Dendrobium wassellii facts for kids
Quick facts for kidsDendrobium wassellii
Dockrillia wassellii (S.T.Blake) Brieger
Dendrobium wassellii, commonly known as the furrowed pencil orchid, is a species of orchid endemic to a small area on Cape York Peninsula. It is an epiphytic or lithophytic orchid with branched stems, cylindrical, furrowed leaves and flowering stems with up to sixty crowded white flowers with a yellow labellum.
Dendrobium wassellii is an epihytic orchid with creeping, branching stems 4–5 mm (0.16–0.20 in) thick. There are one or two hard, dull green leaves on the end of each branch. The leaf is more or less cylindrical, 5–12 mm (0.2–0.5 in) long and about 1 mm (0.039 in) wide with five furrows along its length. The flowering stems are 100–200 mm (4–8 in) long and bear between ten and sixty crowded, sparkling white flowers 14–18 mm (0.55–0.71 in) long and 15–20 mm (0.6–0.8 in) wide. The sepals and petals spread widely apart from each other with their tips turned outwards. The sepals are 10–14 mm (0.39–0.55 in) long, about 2 mm (0.079 in) wide and the petals are a slightly longer but narrower. The labellum is 10–12 mm (0.4–0.5 in) long, about 3 mm (0.1 in) wide, curved and yellow with purple markings. The labellum has three lobes, the side lobes erect and blunt and the middle lobe with wavy edges and three ridges along its midline. Flowering occurs from May to June.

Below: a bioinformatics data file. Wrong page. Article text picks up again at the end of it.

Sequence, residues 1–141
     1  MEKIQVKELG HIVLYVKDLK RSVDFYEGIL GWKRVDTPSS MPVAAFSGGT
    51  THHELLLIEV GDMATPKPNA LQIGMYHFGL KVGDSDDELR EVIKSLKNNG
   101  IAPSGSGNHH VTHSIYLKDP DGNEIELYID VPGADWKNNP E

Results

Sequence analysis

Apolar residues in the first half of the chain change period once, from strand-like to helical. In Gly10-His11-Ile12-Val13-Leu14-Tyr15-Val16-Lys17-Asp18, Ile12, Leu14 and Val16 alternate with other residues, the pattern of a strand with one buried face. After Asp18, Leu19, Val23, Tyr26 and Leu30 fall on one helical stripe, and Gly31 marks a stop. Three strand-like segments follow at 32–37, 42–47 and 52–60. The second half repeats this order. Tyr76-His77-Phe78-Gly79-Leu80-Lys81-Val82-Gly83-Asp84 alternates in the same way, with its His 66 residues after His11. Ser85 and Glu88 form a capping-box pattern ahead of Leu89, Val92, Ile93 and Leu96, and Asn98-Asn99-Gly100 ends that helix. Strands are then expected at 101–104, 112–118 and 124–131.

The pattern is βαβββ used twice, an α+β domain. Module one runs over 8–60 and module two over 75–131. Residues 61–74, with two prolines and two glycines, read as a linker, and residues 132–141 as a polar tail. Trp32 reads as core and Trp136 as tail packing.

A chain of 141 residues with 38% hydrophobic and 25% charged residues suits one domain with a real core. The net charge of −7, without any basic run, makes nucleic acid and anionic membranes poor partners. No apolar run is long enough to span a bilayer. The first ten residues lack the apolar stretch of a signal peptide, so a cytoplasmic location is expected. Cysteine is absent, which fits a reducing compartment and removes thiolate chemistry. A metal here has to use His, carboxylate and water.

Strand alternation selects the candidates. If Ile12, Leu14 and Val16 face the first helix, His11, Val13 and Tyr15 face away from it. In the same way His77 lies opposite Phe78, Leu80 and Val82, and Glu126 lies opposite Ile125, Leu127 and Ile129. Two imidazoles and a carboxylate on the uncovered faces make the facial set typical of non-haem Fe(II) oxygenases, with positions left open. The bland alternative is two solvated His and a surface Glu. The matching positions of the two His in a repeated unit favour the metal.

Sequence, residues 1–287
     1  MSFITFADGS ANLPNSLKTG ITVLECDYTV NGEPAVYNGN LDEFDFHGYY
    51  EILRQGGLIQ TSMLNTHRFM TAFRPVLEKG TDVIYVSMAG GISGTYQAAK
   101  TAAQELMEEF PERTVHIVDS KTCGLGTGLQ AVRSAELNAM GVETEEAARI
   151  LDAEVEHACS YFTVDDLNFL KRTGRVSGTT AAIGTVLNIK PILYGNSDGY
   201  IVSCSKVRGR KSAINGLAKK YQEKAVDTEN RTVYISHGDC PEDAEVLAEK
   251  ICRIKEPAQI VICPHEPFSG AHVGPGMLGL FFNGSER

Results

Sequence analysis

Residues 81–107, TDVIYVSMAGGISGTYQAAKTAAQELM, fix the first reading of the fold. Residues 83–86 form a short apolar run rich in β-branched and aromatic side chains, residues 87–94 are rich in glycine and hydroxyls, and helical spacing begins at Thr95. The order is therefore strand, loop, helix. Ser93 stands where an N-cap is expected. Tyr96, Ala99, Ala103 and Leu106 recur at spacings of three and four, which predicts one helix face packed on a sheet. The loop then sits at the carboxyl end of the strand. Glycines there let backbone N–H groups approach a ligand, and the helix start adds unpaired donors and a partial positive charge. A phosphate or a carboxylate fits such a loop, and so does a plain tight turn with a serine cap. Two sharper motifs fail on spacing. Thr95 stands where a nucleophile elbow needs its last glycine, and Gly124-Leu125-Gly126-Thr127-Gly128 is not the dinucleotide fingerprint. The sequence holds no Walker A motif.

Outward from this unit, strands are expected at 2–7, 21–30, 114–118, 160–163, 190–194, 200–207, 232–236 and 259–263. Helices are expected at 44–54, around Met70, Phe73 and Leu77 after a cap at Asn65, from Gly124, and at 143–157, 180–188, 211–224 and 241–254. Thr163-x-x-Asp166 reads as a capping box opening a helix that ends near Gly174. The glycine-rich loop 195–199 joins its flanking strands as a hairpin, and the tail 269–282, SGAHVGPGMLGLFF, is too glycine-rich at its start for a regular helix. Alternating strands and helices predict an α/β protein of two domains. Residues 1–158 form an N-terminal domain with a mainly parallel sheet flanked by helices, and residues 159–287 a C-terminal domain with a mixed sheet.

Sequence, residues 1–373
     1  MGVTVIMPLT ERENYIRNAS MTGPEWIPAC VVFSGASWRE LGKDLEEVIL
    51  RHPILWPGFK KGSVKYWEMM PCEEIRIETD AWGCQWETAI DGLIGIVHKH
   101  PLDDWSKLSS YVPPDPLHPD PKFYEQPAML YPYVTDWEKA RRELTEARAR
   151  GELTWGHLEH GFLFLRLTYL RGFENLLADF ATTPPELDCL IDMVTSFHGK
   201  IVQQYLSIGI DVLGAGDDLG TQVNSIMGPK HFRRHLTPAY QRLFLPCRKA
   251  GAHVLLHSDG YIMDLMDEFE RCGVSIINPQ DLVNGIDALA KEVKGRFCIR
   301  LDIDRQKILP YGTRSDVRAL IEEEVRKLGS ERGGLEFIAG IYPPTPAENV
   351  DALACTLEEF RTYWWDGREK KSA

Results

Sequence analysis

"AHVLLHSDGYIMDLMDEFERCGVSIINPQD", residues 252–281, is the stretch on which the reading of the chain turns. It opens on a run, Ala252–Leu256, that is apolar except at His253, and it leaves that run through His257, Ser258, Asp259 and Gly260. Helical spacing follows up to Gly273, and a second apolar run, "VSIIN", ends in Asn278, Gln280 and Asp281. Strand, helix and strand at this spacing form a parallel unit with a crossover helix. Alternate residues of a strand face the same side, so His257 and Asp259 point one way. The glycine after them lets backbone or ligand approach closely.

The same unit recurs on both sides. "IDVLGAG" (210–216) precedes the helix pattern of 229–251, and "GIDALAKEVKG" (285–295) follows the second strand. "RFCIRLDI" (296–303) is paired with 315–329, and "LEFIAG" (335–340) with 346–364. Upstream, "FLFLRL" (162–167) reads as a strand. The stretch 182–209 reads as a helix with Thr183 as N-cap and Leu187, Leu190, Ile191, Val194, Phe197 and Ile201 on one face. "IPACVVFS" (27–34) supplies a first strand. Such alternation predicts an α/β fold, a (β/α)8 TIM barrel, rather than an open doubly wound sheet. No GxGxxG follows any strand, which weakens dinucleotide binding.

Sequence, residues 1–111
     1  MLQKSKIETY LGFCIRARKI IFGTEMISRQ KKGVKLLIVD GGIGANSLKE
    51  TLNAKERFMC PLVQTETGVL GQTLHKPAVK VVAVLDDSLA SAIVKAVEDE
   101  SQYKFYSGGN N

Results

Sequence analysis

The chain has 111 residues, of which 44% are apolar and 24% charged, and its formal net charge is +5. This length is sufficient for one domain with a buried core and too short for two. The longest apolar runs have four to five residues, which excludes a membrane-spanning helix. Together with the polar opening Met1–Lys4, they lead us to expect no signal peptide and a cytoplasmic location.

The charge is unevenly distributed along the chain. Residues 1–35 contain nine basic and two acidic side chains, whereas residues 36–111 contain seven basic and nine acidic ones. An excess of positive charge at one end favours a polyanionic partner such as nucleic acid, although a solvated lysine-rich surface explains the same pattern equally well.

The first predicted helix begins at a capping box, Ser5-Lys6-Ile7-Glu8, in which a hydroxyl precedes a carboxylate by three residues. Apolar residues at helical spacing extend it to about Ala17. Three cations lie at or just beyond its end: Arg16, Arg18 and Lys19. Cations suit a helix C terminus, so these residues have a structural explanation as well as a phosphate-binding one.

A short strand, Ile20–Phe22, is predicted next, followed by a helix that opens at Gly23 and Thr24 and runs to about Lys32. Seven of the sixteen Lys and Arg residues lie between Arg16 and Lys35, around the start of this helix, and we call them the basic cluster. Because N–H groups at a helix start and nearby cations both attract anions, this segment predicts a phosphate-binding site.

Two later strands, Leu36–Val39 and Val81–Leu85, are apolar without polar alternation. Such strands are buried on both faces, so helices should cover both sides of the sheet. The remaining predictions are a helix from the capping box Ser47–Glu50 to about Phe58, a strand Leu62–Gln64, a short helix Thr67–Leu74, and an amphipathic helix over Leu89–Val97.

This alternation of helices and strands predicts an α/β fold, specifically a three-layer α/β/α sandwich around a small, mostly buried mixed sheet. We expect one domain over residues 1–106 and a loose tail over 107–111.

Taxonomy and naming
Dendrobium wassellii was first formally described in 1963 by Stanley Thatcher Blake and the description was published in Proceedings of the Royal Society of Queensland. The specific epithet (wassellii) honours Joseph Leathom Wassell who collected insect and orchids on Cape York and sent them to the Royal Botanic Gardens Victoria, although it was not until ten years later when they were sent to the Queensland Herbarium and formally described.
Distribution and habitat
Dendrobium wassellii Facts for Kids. Kiddle Encyclopedia.